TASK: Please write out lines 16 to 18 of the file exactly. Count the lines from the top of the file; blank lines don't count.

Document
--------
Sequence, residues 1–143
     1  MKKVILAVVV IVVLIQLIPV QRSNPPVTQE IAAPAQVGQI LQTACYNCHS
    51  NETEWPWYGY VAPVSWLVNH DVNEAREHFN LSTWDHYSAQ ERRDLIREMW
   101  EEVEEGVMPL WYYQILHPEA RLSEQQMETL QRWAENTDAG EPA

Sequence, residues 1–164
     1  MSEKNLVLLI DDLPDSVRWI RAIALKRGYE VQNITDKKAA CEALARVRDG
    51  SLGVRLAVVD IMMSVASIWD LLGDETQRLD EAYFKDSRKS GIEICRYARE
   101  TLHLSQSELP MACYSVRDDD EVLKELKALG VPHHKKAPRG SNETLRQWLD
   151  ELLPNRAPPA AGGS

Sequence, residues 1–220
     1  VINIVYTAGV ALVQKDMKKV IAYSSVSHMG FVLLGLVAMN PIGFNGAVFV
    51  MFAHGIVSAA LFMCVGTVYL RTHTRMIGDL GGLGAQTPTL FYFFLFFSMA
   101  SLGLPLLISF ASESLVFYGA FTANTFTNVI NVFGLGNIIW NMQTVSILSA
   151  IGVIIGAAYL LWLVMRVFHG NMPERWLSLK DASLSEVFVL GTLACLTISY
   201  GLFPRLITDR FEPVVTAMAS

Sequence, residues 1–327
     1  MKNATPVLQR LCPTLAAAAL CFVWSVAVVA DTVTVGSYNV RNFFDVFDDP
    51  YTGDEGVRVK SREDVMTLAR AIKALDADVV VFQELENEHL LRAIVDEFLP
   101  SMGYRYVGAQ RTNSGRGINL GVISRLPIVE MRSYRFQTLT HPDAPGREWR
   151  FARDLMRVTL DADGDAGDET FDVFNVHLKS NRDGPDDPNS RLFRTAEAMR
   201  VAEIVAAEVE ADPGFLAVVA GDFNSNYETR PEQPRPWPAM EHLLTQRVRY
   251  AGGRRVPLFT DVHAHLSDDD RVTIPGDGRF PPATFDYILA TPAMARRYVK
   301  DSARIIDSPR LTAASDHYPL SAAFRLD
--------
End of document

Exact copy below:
Sequence, residues 1–327
     1  MKNATPVLQR LCPTLAAAAL CFVWSVAVVA DTVTVGSYNV RNFFDVFDDP
    51  YTGDEGVRVK SREDVMTLAR AIKALDADVV VFQELENEHL LRAIVDEFLP